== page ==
Parking is always a hot-button topic in just about any community, but now the city of Calgary is looking for your input on the residential parking system.
Kim Gole, a parking strategist with the city of Calgary said the residential parking program has been around since the mid 70s, and while changes have been made over the years, this is the first consultation and review they’ve done of the program.
“We haven’t actually done this before, which is why we’re doing it,” said Gole.
“We’ve heard over the year issues people have had. It’s become quite a bit of a larger program than it was originally. It touches a lot more Calgarians than it did before, so we’re trying to get it to a place where it works better for folks.”
The Residential Parking Permit program puts limits on parking in certain residential communities, while allowing homeowners and residents to park on the street at any time.
In August 2017, the city started rolling out its digital residential parking permit program. Previously, residents had paper cards which would hang from their rear view mirrors. The new program saw parking enforced with the city’s ParkPlus camera technology, which scans licence plates.
Ward 8 councillor Evan Woolley said overall the new system is working but there have been some minor issues around getting guests’ licence plates in the system for short visits.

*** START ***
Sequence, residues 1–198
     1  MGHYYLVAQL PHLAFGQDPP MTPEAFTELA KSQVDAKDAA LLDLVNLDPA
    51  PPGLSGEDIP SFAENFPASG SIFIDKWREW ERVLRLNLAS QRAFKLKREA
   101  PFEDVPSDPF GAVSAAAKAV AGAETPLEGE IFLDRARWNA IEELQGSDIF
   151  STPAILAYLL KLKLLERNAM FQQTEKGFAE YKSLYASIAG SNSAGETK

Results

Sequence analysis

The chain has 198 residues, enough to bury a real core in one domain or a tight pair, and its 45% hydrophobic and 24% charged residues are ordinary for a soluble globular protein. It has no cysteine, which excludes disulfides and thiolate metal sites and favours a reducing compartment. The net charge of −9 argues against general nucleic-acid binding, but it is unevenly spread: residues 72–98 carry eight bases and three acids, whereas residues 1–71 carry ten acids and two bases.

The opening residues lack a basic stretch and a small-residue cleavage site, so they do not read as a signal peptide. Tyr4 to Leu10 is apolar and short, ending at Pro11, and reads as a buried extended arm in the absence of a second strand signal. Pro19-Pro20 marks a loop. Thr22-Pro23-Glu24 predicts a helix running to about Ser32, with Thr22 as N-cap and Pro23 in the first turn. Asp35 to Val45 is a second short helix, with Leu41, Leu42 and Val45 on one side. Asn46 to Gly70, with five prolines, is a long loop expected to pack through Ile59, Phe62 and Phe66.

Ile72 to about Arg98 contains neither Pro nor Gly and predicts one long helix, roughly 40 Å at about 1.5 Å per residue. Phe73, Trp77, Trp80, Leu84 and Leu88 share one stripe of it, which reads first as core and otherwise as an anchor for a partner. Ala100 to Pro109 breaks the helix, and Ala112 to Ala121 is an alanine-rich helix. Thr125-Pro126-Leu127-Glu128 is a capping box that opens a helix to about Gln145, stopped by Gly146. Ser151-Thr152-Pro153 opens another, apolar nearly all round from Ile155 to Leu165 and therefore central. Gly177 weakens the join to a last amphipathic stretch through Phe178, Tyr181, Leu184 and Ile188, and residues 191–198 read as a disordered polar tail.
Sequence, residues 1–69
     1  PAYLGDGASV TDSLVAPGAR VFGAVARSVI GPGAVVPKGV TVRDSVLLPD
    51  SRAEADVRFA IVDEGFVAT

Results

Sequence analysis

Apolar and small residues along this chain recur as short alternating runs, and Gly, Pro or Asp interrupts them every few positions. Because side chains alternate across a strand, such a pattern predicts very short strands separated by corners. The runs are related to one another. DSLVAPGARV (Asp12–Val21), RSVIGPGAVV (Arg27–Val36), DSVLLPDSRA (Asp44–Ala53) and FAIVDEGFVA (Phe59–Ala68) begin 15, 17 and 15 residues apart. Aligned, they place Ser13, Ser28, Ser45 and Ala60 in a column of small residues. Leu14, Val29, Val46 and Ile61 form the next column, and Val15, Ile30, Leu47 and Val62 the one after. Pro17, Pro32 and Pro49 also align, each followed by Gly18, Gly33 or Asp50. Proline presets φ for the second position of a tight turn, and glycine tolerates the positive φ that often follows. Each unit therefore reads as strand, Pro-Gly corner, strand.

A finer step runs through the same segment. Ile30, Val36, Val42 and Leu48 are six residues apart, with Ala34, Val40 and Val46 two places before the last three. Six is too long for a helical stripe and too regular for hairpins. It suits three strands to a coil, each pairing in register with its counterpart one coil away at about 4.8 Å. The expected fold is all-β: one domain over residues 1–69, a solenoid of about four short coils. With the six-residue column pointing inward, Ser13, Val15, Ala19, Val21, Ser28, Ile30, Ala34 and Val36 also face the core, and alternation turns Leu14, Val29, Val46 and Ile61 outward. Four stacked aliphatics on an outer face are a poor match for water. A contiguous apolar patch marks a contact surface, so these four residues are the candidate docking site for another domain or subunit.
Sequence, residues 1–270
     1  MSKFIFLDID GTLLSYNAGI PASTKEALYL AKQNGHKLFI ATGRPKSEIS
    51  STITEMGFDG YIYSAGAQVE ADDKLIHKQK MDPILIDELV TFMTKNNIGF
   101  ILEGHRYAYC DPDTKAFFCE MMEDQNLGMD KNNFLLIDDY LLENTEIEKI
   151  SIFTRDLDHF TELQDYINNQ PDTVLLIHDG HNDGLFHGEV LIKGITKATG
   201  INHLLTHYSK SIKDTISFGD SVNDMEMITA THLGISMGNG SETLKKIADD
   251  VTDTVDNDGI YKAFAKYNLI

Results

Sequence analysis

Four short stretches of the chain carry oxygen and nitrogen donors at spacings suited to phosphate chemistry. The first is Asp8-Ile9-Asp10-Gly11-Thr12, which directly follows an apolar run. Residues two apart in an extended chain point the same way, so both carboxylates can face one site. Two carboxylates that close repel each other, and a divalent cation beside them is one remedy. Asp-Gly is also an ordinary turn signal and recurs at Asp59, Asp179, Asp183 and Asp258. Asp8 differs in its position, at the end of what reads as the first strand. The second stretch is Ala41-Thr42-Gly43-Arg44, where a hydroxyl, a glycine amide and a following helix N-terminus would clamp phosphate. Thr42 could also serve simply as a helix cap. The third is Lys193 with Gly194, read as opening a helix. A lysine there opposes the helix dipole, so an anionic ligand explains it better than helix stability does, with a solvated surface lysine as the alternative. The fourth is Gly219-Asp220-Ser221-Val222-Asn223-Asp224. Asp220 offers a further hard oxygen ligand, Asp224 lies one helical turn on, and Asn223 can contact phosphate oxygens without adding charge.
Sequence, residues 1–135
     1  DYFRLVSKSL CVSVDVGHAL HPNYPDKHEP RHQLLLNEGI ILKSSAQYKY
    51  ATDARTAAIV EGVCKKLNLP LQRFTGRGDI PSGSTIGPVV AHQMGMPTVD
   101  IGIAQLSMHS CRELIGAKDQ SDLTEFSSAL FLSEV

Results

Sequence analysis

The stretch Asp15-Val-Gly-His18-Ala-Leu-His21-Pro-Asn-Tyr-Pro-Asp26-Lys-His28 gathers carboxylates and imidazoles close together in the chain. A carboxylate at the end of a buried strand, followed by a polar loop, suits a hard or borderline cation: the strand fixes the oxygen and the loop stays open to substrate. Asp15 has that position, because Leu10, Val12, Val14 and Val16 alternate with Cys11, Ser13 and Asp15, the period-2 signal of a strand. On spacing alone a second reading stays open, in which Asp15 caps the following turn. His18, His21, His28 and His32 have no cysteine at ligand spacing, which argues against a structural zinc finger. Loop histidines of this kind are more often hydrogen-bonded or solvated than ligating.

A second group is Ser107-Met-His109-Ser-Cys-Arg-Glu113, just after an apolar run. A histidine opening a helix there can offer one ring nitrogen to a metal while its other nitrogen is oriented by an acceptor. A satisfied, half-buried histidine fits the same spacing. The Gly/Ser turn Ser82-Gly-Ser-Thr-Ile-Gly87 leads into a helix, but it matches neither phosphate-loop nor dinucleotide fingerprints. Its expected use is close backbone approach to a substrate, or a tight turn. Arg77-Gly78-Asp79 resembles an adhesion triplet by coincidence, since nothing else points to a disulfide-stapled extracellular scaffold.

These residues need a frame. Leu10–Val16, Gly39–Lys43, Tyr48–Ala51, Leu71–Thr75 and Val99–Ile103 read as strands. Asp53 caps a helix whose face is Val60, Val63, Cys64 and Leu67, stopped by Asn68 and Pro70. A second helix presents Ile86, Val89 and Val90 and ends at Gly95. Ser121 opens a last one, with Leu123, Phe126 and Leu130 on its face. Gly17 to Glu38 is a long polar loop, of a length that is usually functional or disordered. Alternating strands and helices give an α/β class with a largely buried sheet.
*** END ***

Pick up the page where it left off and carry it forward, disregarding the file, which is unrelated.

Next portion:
“It’s not without its imperfections,” he said. “There are pieces around visitor parking that have not worked that we’re doing a bunch of work on.”
Overall he said despite those hiccups, the new digital system has been very successful.
Gole said they’re not just looking for input into the new digital system. They’re also interested in hearing from people on the different restriction types and zone sizes.
“There might be difficulties around a major generator like a school or hospital,” said Gole.
“I think we’re open to looking at any aspects of the program. We just need to see what the actual issues are.”
The city will be compiling those concerns and creating a “what we heard” report, which should be online in March.
The city will then take those reports back to communities for a final review and consultation, likely in June.
Details about the upcoming in-person workshops can be found at calgary.ca/rpp. Calgarians can also give their feedback online at that address.
“It’s not just to folks who live in a residential area,”said Gole. “Anybody can respond to it.”